San Diego Health - Spring 2024


Prebys Cancer Center, on the campus of Scripps Mercy Hospital, San Diego, is part of Scripps Cancer Center.

TURNING PAIN into PURPOSE O’Connor le ft her job and started on a totally di ff erent journey—the journey to help others navigate the new world they unwillingly enter when they’re faced with a cancer diagnosis. While working through daily radiation therapy sessions, she tapped into the initial emotions she experienced from the fi rst day she heard the dreaded C word to determine how she could best be there for others battling the same emotions. “When I was diagnosed, cancer broke my heart. I was not angry, I was heartbroken. I felt like I had done everything right, but my body failed me, and my breast tried to kill me,” she says. “ Th at thought was so damning, and it kept me up so many nights. Th e word ‘cancer’ was in my name. Before, I was Kelly, and then I was ‘Kelly with Breast Cancer.’ When we’re young, we all believe to some degree that we’re going to live forever. We know we’re not, but a part of us still believes it. All of a sudden, that comfort was taken from me. Th ere was a reality that something was going to happen. Th at absolutely scared me and led to some very dark nights. My sensitive heart was absolutely crushed.” Tapping into those tough emotions gave Kelly a totally new perspective. “Cancer happened for me, not to me,” she says. “It made me a better person, a better woman and someone who genuinely loves life. Ultimately, what I learned is that my breast did not try to kill me, my body was telling me I needed medical care. Th at is an absolute gi ft . And I needed to fi nd a way to pay it forward.” Th at way started with becoming a volunteer at the Scripps Cancer Center. A few shi ft s a week, O’Connor helps out as needed, whether that’s cleaning up chemotherapy stations, transporting blood for infusions or sitting by a patient’s side o ff ering comfort and inspiration. In fact, she’s o ft en called upon by the infusion nurses to support patients who are having a particularly hard time that day.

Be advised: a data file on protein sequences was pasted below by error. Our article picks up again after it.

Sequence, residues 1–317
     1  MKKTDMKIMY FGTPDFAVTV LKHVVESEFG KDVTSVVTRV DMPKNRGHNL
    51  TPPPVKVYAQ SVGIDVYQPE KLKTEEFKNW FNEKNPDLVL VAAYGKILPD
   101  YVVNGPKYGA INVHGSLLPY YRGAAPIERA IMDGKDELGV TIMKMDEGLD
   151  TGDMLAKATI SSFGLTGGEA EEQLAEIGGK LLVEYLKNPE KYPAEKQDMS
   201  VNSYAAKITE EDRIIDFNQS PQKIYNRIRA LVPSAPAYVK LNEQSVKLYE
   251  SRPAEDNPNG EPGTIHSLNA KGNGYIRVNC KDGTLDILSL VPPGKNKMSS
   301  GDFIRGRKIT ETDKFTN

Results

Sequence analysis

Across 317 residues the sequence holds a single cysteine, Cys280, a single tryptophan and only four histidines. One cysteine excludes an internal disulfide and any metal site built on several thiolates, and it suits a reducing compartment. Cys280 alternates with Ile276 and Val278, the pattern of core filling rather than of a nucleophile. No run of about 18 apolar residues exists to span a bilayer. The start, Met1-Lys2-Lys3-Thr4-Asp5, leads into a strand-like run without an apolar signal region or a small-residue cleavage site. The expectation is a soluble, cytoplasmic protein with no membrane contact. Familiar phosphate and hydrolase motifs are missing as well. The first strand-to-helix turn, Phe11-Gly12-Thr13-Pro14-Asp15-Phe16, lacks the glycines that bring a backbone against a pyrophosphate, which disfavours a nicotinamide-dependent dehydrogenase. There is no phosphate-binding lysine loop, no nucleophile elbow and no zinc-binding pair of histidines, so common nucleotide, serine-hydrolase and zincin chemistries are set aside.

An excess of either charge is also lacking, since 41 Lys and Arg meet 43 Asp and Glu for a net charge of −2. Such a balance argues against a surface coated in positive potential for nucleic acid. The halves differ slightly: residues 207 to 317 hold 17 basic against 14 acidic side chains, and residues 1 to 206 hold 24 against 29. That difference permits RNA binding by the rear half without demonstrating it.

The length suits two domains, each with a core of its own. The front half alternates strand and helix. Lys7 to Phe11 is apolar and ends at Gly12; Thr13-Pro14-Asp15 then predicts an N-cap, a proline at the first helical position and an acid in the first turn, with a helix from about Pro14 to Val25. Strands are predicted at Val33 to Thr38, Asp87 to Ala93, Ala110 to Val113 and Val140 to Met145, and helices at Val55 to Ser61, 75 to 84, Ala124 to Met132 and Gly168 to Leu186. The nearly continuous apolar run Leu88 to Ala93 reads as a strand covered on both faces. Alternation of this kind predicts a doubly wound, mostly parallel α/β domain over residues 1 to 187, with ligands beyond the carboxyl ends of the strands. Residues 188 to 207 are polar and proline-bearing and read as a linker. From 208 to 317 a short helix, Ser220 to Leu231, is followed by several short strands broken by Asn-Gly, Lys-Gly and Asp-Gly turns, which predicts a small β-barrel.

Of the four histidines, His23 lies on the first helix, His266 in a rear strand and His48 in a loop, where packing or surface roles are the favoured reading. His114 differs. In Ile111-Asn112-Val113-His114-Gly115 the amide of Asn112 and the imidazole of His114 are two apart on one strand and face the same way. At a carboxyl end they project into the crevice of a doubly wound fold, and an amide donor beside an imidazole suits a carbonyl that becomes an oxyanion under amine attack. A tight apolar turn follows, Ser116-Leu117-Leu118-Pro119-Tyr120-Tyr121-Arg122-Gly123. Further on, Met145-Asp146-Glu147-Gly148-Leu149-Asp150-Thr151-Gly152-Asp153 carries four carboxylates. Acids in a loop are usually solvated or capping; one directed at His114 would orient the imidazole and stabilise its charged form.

As a volunteer, O'Connor supports some of the nursing staff who cared for her, including Emie Acebedo, RN; Dawn Horvatich, RN; and Shaunda McClung, RN.


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